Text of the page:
by Ian Mann
October 02, 2017
Gregory’s warm personality and accomplished singing went down well and I was also impressed with the quality of the instrumentalists, who all acquitted themselves well in their various roles.
Annette Gregory, ‘Celebrating Ella Fitzgerald’, Cawley Hall, Eye, Luston, Leominster, Herefordshire, 30/09/2017.
Back in August I enjoyed a performance from the Midlands based singer Annette Gregory at the 2017 Brecon Jazz Festival.
Billed as “Annette Gregory and Friends” the Festival appearance teamed Gregory and her pianist and musical director John McDonald with a trio of hugely impressive young musicians from the Royal Welsh College of Music and Drama, namely Tom Newitt on tenor sax, Matheus Prado on double bass and Zack Breskal at the drums. This one off collaboration, put together by Festival organisers Lynne Gornall and Roger Cannon, worked extremely well with the mix of vocal and instrumental jazz being very well received by the audience at Brecon’s Muse Arts Centre. My review of that event can be read here;
The prospect of seeing Gregory performing with her regular working band in a village hall little more than a ten minute drive from my home town of Leominster was too good resist. Tonight’s event had been organised by John Wilson, Gregory’s manager and the proprietor of The Warwick Studio where Gregory’s recent “Celebrates Ella Fitzgerald” EP was recorded. Although now based in Warwickshire Wilson was born and raised in the Herefordshire village of Luston and had been determined to bring his protégée to Herefordshire to perform in his home village.
Gregory is a jazz vocalist of Jamaican heritage, originally from Manchester but now based in Warwickshire. Inspired to sing jazz by Ella Fitzgerald she studied jazz vocal performance at the Guildhall School of Music in London. For the past two years she has been touring her show “Annette Gregory Celebrates 100 Years of Ella”, commemorating the anniversary of the birth of the “First Lady of Song” in 1917. This has proved to be an extremely popular production with bookings extended into 2018. The singer has also been touring her “Sings Cool Jazz” show but it’s the Fitzgerald show that seems to have captured the public imagination. In the light of the success of the Ella shows 2018 will see Gregory touring with a fresh production, “Annette Gregory Presents Ladies of Jazz” which will see the vocalist expanding her repertoire to encompass the work of other great female jazz singers, ranging from Sarah Vaughan through Chris Connor to Nancy Wilson.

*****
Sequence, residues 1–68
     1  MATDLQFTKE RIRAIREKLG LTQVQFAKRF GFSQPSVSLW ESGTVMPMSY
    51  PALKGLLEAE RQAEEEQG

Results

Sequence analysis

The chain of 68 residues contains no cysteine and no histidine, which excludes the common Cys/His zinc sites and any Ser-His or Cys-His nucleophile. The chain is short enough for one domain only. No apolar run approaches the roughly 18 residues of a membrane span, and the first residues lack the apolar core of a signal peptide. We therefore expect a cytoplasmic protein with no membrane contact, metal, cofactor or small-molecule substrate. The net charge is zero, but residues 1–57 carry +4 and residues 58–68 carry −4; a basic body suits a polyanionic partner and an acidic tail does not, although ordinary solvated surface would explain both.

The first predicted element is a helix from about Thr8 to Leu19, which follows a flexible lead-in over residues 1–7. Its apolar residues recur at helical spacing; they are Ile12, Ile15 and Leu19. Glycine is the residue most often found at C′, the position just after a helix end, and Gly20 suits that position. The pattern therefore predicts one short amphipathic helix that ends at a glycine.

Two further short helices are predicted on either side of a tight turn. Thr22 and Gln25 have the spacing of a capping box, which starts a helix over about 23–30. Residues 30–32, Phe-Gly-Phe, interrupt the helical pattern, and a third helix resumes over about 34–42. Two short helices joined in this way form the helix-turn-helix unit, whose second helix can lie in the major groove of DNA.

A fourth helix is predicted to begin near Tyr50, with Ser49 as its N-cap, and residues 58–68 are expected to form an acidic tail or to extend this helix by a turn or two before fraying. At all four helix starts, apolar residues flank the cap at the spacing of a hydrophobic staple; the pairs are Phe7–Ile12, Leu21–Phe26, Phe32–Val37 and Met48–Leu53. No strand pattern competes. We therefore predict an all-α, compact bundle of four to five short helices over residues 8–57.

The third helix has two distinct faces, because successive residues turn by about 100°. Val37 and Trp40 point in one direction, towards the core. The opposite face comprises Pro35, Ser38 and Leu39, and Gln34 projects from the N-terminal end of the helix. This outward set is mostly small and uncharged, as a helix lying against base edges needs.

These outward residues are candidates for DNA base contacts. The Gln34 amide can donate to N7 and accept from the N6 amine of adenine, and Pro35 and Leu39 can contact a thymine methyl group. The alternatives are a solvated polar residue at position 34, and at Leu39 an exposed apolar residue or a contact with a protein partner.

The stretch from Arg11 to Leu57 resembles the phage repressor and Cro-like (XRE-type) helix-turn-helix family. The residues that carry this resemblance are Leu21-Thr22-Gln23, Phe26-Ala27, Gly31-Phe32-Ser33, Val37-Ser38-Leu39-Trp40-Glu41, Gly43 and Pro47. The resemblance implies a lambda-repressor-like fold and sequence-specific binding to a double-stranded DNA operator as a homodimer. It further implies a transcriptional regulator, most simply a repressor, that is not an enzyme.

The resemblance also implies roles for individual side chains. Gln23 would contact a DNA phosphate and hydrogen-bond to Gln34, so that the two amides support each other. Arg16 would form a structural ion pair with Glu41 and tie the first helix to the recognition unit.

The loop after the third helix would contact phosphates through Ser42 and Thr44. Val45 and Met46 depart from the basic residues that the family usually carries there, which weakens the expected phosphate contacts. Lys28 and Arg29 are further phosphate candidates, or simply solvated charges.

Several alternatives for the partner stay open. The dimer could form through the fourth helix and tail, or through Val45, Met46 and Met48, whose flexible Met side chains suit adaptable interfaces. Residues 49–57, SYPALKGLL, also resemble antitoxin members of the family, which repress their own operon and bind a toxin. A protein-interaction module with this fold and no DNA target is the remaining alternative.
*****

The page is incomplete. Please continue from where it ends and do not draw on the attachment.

Tonight’s “Celebrating Ella” show featured all of the personnel who appear on the recent EP with Gregory and McDonald joined by Dionne Sambrook on tenor sax, Martyn Lammyman on double bass and Marsh Barton at the drums.
The instrumentalists kicked things off with a gently swinging version of “Don’t Get Around Much Anymore” with concise solos coming from Sambrook on tenor and McDonald at the piano. Sambrook, one of the driving forces behind the thriving Stratford Jazz Club impressed throughout the evening with her warm toned, blues tinged tenor playing.
The improbably named Barton, acting as MC welcomed Gregory to the stage to sing a swinging, up-tempo version of “All The Things You Are”, the opening track from the Ella EP with McDonald taking the instrumental honours with a solo at the keyboard.
Sticking with EP the quintet followed this with “Too Marvellous For Words” with Sambrook the featured instrumental soloist on a piece gently, but swingingly, propelled by Lammyman’s brisk bass walk and Barton’s crisply brushed drum grooves.
Unaccompanied tenor sax ushered in a vocal version of “Stella By Starlight”, a tune I’m more used to hearing performed as an instrumental. It represented something of a novelty to actually hear the lyrics. Sambrook impressed once more on tenor, as did Lammyman with his melodic bass solo.
Gregory has a rich, deep , soulful voice and a genuine talent for jazz phrasing. Arguably she was at her best when singing ballads, as represented on “My Foolish Heart”, another song from the EP and performed here by just the trio of Gregory, McDonald and Lammyman, with the bassist briefly flourishing the bow at the close.
Gregory informed the audience that “The Way You Look Tonight” was the first Fitzgerald song that she ever sung. Her vivacious vocalising here was well complemented by Sambrook on tenor sax.
These two also impressed on a playful version of George Shearing’s “Lullaby of Birdland” with Sambrook’s powerful, bluesy tenor offset by McDonald’s classically inspired keyboard flourishes.
“Autumn Leaves” represented a particularly apposite choice for the time of year with Gregory’s warm hued vocal evoking suitably melodic responses from McDonald at the keyboard, Sambrook on tenor, and Lammyman on double bass.